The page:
20 Mar 2005: Microsoft opening up File/Print and Directory Services
ZDNet have a very readable discussion of Microsoft's proposed license for this... Not terribly generous of them, by the sounds of it.
18 Mar 2005: The Scene: Honour amongst Thieves
Mentioned on slashdot, a "TV Programme" about the ripping scene. 5 episodes
available to date; one assumes that it's MPAA propaganda, but it's quite
interesting in the way it's presented. The main screen is a Windows desktop,
with a fixed camera shot of the user in the upper-left corner, and the
dialogue is in the form of IRC and a few emails, with voiceovers when absolutely
necessary to explain some details.
Torrents, etc are available from http://www.welcometothescene.com/download.shtml. Thanks to the /. effect, the torrents are fast.
I'll be interested to see how this ends... Some /.'ers have looked into this, and find that Sony are behind it, along with various sponsors.
Whatever the motive behind the programme, it's an interesting new format.
7 Mar 2005: The Schumacher Rules?
With 15 laps to go in the Australian Grand Prix, Michael Schumacher pushed Nick Heidfeld off the road, causing a collision which knocked them both
off the track and into the gravel at the end of the high-speed third corner of the Melbourne circuit.
If your race is over, it's over. Heidfeld's race was over because Schumacher had forced him off the track; apparently Ferrari and Michael Schumacher had different ideas. As Schumacher stayed in his car and beckoned some stewards over, the ITV commentator Martin Brundle commented
That one worked back in the Nurburgring, mate, but, er, you could consider yourself in a dangerous position there. He's got his thinking cap on already, hasn't he, but switch it off, like everybody else.As the TV coverage now has some access to team radio communications, we could hear the Ferrari team bosses telling Schumacher:
Get a push, get a push, get them to push you.Shortly afterwards, the TV coverage picks up Schumacher's Ferrari continuing down the track. Brundle said:
Oh - Michael's got away, look! He's got himself out of the gravel trap. That's amazing. I just don't think he should be allowed to beckon the marshalls across the firing line. That's the famous turn three. It just should not be allowed. And that's Michael's fault. He tried to squeeze Heidfeld, and forced him into an inveitable incident.The stewards are not there to push a driver back onto the circuit after he has screwed up his race.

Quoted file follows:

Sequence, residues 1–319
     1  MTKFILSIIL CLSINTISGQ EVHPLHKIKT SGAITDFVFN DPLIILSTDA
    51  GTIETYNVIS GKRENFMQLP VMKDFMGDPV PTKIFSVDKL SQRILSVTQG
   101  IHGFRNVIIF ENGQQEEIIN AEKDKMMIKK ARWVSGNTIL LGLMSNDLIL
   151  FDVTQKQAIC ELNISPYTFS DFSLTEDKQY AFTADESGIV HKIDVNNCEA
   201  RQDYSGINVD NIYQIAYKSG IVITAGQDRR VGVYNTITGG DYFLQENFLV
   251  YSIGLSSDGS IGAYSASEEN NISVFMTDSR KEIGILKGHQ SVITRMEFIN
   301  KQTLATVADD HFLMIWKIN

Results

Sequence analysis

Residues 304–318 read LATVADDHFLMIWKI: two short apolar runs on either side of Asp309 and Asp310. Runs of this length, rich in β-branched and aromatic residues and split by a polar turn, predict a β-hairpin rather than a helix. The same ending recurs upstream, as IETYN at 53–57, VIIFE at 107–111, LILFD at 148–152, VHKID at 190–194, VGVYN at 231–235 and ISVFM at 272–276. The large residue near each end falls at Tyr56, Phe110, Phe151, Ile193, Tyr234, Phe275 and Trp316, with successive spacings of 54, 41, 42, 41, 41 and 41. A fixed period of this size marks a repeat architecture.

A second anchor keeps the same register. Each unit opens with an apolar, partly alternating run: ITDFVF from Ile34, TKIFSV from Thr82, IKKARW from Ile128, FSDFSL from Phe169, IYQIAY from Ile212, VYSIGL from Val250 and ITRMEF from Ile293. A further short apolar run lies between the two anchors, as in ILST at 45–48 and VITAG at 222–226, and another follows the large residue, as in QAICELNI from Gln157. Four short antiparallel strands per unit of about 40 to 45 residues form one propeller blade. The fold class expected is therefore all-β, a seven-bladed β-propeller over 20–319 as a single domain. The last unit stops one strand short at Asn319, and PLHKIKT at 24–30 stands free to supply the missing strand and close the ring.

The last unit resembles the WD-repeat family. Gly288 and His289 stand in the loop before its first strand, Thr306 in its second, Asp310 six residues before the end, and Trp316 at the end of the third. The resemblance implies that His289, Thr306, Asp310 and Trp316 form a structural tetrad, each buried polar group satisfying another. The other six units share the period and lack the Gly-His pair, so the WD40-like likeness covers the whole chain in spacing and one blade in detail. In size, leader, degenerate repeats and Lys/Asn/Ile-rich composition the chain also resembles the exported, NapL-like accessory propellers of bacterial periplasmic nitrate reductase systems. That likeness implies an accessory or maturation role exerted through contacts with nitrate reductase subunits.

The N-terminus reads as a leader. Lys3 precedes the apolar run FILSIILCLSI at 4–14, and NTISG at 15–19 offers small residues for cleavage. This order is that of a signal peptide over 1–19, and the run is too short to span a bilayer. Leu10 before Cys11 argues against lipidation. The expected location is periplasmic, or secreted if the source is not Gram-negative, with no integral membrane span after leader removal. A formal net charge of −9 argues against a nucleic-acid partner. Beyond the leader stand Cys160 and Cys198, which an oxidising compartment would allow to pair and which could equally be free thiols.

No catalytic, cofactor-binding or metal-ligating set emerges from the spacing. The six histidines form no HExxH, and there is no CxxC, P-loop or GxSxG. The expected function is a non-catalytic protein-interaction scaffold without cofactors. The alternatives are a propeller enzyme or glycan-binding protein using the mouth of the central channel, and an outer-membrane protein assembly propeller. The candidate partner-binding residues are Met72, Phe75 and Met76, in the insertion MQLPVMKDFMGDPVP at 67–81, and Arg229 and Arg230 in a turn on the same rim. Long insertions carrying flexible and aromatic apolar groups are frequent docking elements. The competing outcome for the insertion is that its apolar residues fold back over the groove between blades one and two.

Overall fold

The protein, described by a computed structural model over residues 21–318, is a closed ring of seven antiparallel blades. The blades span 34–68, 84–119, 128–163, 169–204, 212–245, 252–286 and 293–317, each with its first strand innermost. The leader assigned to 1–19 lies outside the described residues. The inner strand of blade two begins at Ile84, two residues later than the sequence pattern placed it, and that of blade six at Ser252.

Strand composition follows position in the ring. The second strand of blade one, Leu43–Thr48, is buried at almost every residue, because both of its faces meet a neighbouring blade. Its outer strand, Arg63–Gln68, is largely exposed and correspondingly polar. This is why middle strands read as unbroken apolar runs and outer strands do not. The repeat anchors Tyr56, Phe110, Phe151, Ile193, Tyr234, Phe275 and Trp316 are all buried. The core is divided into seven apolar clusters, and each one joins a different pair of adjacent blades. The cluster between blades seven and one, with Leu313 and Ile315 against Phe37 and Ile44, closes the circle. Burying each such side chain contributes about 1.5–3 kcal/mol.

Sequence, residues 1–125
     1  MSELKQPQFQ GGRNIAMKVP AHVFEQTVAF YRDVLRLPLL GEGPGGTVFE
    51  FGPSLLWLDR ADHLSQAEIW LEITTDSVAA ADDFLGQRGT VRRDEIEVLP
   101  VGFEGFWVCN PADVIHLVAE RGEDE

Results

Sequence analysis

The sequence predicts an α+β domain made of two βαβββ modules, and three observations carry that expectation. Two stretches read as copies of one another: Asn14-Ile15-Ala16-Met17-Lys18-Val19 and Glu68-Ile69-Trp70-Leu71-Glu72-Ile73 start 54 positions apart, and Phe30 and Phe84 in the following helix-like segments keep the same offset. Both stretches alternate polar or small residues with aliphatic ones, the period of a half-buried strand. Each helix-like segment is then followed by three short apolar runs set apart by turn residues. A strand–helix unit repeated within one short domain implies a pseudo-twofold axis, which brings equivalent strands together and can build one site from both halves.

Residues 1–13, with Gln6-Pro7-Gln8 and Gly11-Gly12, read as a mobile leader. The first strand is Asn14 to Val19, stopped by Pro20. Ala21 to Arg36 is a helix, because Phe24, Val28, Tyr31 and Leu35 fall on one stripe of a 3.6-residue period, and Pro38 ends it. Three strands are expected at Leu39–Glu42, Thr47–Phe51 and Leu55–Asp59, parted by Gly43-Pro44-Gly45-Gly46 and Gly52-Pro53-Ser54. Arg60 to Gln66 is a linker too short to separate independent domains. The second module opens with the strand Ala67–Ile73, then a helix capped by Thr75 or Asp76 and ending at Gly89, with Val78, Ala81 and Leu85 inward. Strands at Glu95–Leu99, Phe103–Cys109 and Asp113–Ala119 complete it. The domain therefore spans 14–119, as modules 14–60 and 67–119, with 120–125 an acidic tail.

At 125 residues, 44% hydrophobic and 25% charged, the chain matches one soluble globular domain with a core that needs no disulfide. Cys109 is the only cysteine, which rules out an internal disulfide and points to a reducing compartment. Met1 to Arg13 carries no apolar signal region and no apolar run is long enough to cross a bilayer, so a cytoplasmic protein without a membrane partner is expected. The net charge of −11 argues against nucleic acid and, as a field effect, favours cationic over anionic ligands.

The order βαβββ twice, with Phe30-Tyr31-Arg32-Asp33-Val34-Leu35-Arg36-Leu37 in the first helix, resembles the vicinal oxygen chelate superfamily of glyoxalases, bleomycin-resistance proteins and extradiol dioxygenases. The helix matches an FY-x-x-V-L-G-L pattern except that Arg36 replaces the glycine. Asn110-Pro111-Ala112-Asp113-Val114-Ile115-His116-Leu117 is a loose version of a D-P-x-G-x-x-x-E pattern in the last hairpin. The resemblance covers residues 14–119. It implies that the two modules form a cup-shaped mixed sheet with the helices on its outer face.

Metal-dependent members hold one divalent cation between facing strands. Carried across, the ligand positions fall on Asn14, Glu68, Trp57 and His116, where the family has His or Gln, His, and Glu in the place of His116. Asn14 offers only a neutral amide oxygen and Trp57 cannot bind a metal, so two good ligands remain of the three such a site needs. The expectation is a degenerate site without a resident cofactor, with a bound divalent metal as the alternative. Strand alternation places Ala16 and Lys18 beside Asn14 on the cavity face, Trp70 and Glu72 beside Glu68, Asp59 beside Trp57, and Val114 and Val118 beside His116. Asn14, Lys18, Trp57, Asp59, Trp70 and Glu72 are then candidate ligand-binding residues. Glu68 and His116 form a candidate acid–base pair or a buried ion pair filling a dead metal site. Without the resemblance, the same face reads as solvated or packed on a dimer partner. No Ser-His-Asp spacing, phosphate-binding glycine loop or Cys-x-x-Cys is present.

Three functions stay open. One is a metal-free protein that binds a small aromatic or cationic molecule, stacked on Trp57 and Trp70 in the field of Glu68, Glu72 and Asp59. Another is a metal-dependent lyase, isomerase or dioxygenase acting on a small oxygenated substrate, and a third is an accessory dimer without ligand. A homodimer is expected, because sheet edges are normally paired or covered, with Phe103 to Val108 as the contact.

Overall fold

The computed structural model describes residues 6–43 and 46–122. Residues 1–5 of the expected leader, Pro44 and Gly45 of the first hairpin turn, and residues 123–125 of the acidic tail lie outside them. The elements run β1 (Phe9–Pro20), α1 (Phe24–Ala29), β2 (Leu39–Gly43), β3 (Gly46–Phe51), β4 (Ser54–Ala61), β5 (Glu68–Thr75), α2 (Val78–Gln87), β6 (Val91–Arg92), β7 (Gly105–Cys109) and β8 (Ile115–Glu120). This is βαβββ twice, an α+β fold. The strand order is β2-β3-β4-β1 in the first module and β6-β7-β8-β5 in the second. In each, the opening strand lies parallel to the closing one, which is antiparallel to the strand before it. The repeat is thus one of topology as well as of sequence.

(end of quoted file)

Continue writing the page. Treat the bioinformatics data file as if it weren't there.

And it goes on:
Heidfeld's race had been destroyed, and his car was pulled away. In the name of safety, pulling stewards out to the end of a fast corner to push Schumacher back to the track, is an unnecessary risk, not to mention against the rules. We should have seen Schumacher and Heidfeld's cars towed away under a red flag. Instead, Schumacher got back onto the track, just to retire by the end of the lap due to the damage to his car.
This placed the stewards, and - potentially, depending on the damage to Schumacher's car - other drivers, simply to give the Ferrari driver the opportunity to try to finish the race.
I'm no expert on F1 regulations, but I've always understood that it was clear that once you are off the circuit and unable to get yourself back onto the track, then your race is over. Getting stewards to push your car around the circuit is not the way to complete a race.
6 Mar 2005: Giving Stuff Away
For a few years now, I've run the SpeedTouchConf project on SourceForge.NET. I get a fair
few emails per month about it - with each correspondant, I tend to swap a few emails, but I'd guess that I
hear from about 3 people each month, on average.
It's not a particularly significant project - it helps users to configure a particularly awkward ADSL modem under GNU/Linux operating systems. Even if you happen to have that particular piece of hardware, it is likely to be supported by your new GNU/Linux system anyway - and if not, then the speedtouch project will probably get it configured for you.
I've just found a new page on SourceForge.NET, though - the Statistics page. Apparently my script gets downloaded about 100 times a day (by comparison, the speedtouch project, which my code is based upon, gets about 350 downloads per day - I expected to find a bigger difference, since those guys actually know what they're talking about).
Of course, some of this number will be mirror sites, robots, etc - but if we assume that 5% are genuine downloads (that seems conservative enough), that means that 5 people per day are downloading my script.
If 2 of those 5 find it useless and give up, another 2 find it helpful, and the fifth finds it useless and emails me about their problem, then I'd be hearing from 30 people each month (not ~3 people per month). So the actual numbers favour those who use it and don't email me - maybe most of them give up; however, certain emails I've received imply that most people who download it use it and it works.
I find that kind of freaky, because it implies that the other 60 people have used my script, connected to the internet, and not thought about it any further.
Of course, that's the intent (well, it wasn't), but it's the general idea.
I do this in my 'free' time (once the work's done, the wife's happy with the state of the house, the kids are in bed, etc).
I'm not sure what all of this means (certainly not that my code is great - it's been hacked around with so much, that it's remarkable that it works at all!) - it probably indicates the significance of the SourceForge.NET website for GNU/Linux users. Simply being listed as one of their projects means that people will look at the code.
That's my guess, anyway.